Solargiga building 40 MW solar park in Ghana

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Chinese energy company Solargiga has partnered with Ghana’s Savannah Accelerated Development Authority (SADA) to construct a 40 MW solar PV plant in the country’s Savalugu/Nanton Municipality.

Under the auspices of Solargiga’s 70%-owned subsidiary DCH-Solargiga of Germany, the company will own 90% of the public private partnership, with SADA in control of the remaining 10%. The project will cost an estimated $117 million, and construction has already begun. Once finished, the 40 MW plant will be connected to Ghana’s electricity grid with the intention of accelerating SADA’s development of the country’s ecological areas.

"SADA began talks with SCH Energy of Germany in 2011, which culminated in the signing of a memorandum of understanding (MoU) in August 2012," said Mustapha Ahmed, minister of state in charge of development authorities for Ghana. The MoU established the guidelines for collaboration, but development stalled until Solargiga’s involvement at the end of 2013.

The joint venture will enlist the labour of local people, creating more than 600 jobs, the minister said, adding that the University for Development Studies (UDS) will also work closely with SADA and Solargiga during the plant’s initial stages, eventually establishing a new faculty of Alternative Energy and Environmental Protection for transfer of knowledge and skills.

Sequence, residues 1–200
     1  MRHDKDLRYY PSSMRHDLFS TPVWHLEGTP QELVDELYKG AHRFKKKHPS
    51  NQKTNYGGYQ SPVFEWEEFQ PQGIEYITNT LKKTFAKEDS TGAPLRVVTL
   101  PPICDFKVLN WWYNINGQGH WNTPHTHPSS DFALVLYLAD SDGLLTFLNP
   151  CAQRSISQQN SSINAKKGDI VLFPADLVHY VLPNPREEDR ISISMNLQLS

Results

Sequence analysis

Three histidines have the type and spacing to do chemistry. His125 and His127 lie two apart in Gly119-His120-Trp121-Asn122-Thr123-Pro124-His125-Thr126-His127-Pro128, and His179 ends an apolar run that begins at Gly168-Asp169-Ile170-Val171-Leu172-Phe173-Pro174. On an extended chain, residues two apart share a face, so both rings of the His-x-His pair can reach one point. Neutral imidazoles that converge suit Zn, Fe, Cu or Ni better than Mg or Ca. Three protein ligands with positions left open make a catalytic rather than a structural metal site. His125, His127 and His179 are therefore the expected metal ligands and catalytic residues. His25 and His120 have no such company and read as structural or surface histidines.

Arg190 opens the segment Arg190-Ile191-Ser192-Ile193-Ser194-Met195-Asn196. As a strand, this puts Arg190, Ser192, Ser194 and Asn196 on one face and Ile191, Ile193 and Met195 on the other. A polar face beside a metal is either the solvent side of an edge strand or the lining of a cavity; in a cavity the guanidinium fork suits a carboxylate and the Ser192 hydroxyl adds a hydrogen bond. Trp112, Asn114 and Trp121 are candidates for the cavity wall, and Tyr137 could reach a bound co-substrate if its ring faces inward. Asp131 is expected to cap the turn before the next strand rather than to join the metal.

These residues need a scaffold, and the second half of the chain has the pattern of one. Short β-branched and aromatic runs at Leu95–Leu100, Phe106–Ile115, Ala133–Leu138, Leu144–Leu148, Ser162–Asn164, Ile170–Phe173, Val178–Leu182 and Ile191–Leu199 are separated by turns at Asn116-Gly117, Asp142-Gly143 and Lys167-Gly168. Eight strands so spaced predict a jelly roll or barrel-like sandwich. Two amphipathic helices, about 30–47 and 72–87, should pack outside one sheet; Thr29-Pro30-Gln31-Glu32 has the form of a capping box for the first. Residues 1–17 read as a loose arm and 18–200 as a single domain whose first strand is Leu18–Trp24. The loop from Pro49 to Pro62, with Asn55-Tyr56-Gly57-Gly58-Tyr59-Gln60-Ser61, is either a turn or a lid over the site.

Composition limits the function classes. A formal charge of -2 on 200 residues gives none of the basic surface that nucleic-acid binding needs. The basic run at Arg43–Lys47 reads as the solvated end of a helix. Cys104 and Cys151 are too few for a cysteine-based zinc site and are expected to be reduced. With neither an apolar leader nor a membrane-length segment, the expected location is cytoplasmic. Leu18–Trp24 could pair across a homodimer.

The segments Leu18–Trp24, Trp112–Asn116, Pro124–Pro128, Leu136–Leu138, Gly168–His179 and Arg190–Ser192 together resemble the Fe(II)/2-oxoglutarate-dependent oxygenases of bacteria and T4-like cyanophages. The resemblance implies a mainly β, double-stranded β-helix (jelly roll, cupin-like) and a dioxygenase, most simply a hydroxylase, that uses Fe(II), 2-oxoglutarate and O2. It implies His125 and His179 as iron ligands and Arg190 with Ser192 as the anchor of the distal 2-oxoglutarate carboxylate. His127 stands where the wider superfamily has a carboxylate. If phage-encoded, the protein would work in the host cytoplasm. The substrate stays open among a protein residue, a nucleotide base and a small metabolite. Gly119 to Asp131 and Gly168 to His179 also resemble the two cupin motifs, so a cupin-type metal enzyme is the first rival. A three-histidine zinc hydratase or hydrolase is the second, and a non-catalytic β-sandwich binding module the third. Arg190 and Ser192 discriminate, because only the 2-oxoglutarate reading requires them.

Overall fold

DCH Solargiga CEO Zhang Gang said that the company has worked closely with Ghanaian president John Dramani Mahama to help bring solar projects to the northern regions of the country, including a number of off-grid solar installations at rural schools, hospitals and homes.

Ghana has been relatively progressive with its PV aims in recent months, driven largely by foreign companies striking deals with local organizations and firms keen on developing the nation’s renewable energy footprint. There are currently a handful of utility scale PV projects under construction in the country, including a 155 MW park owned by the U.K.’s Mere Power.

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